Published in Movies

BREWER – One of the region’s entertainment mainstays is turning 10.

Improv comedy troupe The Focus Group is marking its 10-year anniversary with a celebratory performance. “Our Big Dumb Decade” will take place on April 19 at the Next Generation Theatre in Brewer – the longtime home of the group. The show starts at 8 p.m.; tickets are $5.

The show will feature members of the group both past and present, as well as a number of special guests who have shared the stage with the Focus Group at various times over the past decade.

(Editor’s note: In the interest of full disclosure, the writer of this story – and this note – is a founding member of The Focus Group. He is also not even a little bit sorry to be taking advantage of his position to promote this auspicious anniversary.)

Published in Cover Story

BANGOR - As part of its 45th season, Penobscot Theatre Company presents “Ripcord,” a comedy written by David Lindsay-Abaire and directed by Bari Newport. The show runs through March 31 at the Bangor Opera House.

Published in Style
Wednesday, 20 February 2019 13:50

Love actually – ‘Isn’t It Romantic’

While the heyday of the romantic comedy has passed, there’s no disputing that the genre is still a significant part of the cinematic whole. Sure, there aren’t as many big-screen rom-coms as there once were, but the folks at Netflix have embraced them in a big way.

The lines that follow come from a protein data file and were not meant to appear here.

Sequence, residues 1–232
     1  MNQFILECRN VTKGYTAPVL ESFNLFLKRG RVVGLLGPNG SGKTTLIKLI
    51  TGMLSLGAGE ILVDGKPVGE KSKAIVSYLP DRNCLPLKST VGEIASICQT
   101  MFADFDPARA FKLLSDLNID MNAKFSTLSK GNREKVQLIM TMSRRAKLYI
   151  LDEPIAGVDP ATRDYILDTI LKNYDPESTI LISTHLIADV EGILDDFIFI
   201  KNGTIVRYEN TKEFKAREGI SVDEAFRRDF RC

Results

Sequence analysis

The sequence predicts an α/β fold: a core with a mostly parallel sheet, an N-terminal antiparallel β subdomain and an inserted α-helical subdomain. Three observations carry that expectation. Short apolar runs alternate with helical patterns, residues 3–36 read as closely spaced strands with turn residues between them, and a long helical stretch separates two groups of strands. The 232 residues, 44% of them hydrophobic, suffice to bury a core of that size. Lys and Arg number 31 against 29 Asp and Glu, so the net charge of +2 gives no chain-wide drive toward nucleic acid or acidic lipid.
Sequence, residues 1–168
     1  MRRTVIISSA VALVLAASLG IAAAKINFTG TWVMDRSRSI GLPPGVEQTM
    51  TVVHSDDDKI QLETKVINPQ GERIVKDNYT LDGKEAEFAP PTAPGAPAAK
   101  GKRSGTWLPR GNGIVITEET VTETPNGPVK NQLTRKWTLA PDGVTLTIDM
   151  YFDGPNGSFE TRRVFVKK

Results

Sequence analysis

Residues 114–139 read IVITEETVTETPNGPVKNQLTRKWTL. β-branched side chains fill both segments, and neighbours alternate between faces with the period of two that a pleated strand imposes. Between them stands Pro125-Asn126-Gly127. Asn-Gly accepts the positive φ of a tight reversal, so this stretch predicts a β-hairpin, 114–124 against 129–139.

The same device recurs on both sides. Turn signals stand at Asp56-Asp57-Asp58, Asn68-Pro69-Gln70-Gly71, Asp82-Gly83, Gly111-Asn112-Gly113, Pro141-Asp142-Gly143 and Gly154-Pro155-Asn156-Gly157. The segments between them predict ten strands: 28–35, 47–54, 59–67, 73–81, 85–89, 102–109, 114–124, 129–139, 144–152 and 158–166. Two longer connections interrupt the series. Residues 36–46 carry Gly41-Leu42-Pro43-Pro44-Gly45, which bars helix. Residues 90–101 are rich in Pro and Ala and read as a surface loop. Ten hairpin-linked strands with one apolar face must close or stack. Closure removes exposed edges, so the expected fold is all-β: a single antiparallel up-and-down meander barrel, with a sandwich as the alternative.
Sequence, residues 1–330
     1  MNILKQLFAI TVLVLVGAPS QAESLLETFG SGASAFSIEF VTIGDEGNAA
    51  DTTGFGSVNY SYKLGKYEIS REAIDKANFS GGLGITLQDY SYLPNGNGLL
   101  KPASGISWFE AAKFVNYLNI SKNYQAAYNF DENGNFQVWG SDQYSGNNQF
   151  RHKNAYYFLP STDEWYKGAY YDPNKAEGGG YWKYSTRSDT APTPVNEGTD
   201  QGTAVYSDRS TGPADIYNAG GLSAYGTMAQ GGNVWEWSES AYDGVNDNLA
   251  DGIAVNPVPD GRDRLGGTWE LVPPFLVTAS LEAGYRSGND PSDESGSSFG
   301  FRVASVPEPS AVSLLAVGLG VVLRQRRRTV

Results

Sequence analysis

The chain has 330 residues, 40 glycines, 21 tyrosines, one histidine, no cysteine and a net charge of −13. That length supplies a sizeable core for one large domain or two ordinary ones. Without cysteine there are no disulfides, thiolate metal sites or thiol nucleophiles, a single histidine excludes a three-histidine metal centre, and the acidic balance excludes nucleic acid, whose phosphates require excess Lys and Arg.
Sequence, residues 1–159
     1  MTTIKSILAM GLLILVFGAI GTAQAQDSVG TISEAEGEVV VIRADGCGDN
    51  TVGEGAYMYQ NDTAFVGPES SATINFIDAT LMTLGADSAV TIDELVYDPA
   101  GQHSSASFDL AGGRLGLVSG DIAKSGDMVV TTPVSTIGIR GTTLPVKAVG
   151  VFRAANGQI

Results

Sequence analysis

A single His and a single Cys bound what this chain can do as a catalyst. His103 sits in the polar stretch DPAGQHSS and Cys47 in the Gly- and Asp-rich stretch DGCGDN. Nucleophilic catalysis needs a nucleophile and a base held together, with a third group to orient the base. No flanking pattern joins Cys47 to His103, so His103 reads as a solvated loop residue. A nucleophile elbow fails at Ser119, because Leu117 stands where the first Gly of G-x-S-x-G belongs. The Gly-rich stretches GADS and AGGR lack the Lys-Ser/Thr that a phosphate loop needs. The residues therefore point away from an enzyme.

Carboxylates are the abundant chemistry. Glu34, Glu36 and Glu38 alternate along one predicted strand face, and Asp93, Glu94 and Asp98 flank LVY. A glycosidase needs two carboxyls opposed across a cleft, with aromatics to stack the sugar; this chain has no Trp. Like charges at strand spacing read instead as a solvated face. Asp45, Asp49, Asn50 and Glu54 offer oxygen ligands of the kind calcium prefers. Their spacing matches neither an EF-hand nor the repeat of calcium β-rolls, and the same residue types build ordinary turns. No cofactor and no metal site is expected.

Suffice it to say, rom-coms aren’t going anywhere.

That’s why even though it might feel like a bit of a late arrival, “Isn’t It Romantic” still works. Yes, the sorts of films being targeted aren’t necessarily at the forefront of the cultural consciousness like they once were, but there’s no doubt that the tropes of the form still serve as prominent pop shorthand.

It doesn’t quite have the satiric bite that you might expect – largely because of a readily apparent affection for the source material. Basically, this movie tries to have it both ways, attempting to subvert conventions while at the same time embracing them. And while it isn’t wholly successful in that effort, the end result is still a solidly entertaining movie.

Published in Movies